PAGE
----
Fight diverts flight
Airport police say they have detained a Finnish man who fought with crew members aboard a flight from the Spanish island of Tenerife to Finland. A spokesperson said the crew overpowered the 57-year-old passenger and diverted the flight to Amsterdam’s Schiphol airport, where he was taken into custody on Sunday. Spokesperson Martijn Peelan said the man argued with his wife and the fight escalated when the crew intervened. Police are questioning the suspect and several witnesses.
Seven bodies found in Texas
Police found seven bodies in an apartment on Sunday in Texas after what officials described as a Christmas Day murder-suicide. Two handguns were discovered at the apartment in Grapevine, near Dallas, and there were no signs of forced entry. “We believe the shooter is one of those dead in the apartment,” Grapevine Police Lieutenant Todd Dearing said. All seven people were found near a Christmas tree in a living room area of the two-story apartment. “It’s a great tragedy, something our department has not seen before,” Grapevine Police Sergeant Robert Eberling said. “You read about these types of reports, but they always seem to happen somewhere else.” Dearing said that authorities believe it was a family Christmas gathering, with the victims ranging in age from 18 or 20 to their 50s or 60s.
‘CONFESSED’: A court in Beijing said that former CCP member Ren Zhiqiang abused his power at a state firm and embezzled almost US$7.14 million of public funds A Chinese tycoon who called Chinese President Xi Jinping (習近平) a clown and criticized his handling of the COVID-19 pandemic was yesterday jailed for 18 years for corruption, bribery and embezzlement of public funds. Ren Zhiqiang (任志強) — once among the Chinese Communist Party’s (CCP) inner circle — disappeared from the public eye in March, shortly after penning an essay that lambasted Xi’s pandemic response. His outspokenness had earned the former chairman of state-owned property developer Huayuan Group the nickname “Big Cannon.” Yesterday’s verdict said that Ren embezzled almost 50 million yuan (US$7.4 million) of public funds and accepted bribes worth 1.25 million
AUSTRALIAN SITE: China has had a contract with SSC’s Yatharagga station since at least 2011, but the last time it used it was in June 2013. No final date has been given China would lose access to a strategic space tracking station in Western Australia when its contract expires, the facility’s owners said, a decision that cuts into Beijing’s expanding space exploration and navigational capabilities in the Pacific region. The Swedish Space Corp (SSC) has had a contract allowing Beijing access to the satellite antenna at the station since at least 2011. The station is located next to an SSC satellite station primarily used by the US and its agencies, including NASA. The Swedish state-owned company said it would not enter into any new contracts at the Australian site to support Chinese customers after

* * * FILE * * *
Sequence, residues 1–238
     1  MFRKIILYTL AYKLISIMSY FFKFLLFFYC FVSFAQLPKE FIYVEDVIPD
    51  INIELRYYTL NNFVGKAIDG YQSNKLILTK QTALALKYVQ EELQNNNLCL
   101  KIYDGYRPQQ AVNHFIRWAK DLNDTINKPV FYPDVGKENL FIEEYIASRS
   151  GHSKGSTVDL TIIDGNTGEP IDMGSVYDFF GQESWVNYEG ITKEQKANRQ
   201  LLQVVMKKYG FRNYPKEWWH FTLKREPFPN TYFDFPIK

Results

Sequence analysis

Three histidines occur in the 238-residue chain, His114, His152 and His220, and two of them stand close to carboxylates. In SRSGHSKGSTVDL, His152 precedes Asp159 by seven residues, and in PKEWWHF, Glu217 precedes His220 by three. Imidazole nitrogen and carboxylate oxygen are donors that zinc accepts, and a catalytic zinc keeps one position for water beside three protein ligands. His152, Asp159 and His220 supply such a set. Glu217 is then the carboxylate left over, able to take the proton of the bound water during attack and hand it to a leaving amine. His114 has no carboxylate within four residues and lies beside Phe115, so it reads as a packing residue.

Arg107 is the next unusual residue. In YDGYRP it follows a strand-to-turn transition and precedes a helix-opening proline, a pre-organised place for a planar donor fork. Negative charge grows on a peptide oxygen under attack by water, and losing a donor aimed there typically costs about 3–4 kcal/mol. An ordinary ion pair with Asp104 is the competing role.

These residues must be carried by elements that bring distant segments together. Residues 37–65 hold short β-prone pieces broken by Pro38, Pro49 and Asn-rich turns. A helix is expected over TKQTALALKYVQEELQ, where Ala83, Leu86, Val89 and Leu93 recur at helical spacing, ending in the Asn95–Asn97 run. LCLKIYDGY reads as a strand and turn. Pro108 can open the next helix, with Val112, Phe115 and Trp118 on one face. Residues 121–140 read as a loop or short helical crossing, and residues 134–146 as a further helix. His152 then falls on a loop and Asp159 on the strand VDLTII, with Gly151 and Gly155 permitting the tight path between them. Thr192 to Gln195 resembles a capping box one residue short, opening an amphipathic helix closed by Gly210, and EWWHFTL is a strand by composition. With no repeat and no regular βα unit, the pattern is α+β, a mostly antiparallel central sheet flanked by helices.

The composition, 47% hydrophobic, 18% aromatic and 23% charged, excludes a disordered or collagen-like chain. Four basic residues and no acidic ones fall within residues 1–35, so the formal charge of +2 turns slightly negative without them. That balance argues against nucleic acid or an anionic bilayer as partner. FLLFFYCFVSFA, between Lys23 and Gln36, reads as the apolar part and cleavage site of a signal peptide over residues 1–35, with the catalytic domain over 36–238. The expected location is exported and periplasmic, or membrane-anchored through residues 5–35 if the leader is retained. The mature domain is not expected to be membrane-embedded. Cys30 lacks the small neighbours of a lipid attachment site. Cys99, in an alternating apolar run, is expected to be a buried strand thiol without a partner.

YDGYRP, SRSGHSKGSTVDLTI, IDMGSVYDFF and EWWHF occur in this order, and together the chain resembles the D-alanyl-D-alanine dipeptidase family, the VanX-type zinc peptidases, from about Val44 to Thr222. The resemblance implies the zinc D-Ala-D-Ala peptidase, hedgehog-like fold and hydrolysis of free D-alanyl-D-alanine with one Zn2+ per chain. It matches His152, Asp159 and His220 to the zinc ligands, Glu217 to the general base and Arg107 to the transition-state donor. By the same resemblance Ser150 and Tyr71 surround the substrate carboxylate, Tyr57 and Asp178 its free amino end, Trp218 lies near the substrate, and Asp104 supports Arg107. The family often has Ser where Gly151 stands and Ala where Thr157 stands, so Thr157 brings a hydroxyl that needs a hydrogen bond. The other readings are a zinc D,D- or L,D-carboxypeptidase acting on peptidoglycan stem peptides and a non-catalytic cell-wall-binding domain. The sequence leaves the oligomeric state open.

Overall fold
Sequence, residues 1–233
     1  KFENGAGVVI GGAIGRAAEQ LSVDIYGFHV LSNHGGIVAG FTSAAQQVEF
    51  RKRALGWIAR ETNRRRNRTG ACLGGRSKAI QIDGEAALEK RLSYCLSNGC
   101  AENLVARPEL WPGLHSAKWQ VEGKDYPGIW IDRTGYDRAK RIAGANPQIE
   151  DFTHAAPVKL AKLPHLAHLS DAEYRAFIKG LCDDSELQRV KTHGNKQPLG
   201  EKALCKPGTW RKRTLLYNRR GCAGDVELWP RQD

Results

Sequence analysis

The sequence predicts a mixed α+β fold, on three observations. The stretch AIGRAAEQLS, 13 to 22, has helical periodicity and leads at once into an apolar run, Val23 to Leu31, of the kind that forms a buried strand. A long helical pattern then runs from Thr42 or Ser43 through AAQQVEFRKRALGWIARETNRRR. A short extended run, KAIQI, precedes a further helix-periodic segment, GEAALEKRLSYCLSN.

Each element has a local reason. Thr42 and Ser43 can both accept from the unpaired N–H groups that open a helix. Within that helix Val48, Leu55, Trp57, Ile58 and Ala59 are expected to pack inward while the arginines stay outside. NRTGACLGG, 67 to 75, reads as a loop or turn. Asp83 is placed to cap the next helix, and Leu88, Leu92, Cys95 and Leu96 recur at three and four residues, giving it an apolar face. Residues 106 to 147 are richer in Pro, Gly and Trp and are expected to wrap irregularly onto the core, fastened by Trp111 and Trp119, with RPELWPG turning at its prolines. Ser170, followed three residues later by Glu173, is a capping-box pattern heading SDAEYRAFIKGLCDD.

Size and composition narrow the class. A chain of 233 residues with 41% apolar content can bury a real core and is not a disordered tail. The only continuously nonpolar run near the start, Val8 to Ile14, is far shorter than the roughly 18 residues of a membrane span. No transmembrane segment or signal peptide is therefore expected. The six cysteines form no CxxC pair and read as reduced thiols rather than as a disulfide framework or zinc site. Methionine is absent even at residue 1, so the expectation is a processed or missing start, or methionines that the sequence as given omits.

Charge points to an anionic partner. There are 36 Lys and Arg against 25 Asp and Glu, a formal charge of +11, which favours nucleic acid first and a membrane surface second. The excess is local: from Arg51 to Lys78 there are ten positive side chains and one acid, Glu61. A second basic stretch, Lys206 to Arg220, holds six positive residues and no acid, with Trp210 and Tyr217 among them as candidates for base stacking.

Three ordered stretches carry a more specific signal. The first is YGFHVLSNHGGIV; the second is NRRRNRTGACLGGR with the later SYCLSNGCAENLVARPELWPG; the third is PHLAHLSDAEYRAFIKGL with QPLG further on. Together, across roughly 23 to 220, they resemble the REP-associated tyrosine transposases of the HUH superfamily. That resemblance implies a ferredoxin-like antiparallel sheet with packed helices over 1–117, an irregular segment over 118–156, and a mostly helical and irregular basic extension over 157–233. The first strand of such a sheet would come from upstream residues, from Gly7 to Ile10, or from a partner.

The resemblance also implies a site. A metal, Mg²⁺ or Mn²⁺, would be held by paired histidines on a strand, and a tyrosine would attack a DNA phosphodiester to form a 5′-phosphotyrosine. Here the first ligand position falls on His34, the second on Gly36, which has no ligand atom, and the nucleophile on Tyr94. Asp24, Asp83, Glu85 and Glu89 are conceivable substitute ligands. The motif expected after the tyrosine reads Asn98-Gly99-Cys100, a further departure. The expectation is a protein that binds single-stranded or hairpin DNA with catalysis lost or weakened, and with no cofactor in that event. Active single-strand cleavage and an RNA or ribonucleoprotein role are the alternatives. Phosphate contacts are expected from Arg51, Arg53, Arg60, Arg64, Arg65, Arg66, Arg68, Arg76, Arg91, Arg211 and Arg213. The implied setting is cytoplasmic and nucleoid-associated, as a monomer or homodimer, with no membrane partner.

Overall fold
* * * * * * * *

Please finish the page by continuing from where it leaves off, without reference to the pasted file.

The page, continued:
OFF BORDER ISLAND: The fisheries official disappeared from a patrol vessel wearing a life jacket and leaving behind his shoes, indicating an intentional move, Seoul said North Korean soldiers shot dead a suspected South Korean defector at sea and burned his body as a COVID-19 precaution after he was interrogated in the water over several hours, Seoul military officials said yesterday. It is the first killing of a South Korean citizen by North Korean forces for a decade, and comes with Pyongyang at high alert over the COVID-19 pandemic and inter-Korean relations at a standstill. The fisheries official disappeared from a patrol vessel near the western border island of Yeonpyeong on Monday, the official said. More than 24 hours later, North Korean forces located him in their waters and
The scarcity of commercial flights landing at Sydney Airport has been a disaster for airlines and workers, but for hobby pilots the COVID-19 pandemic has provided the opportunity of a lifetime. The quieter-than-usual runways mean that private pilots have been given the chance to land at the international airport for the first time. When Sydney Flight College club captain Tim Lindley put out a call, he received an overwhelming response. He eventually organized for 14 light aircraft to fly into Sydney airport on Sunday. “For a lot of the pilots involved, including myself, it was a childhood dream to land in a big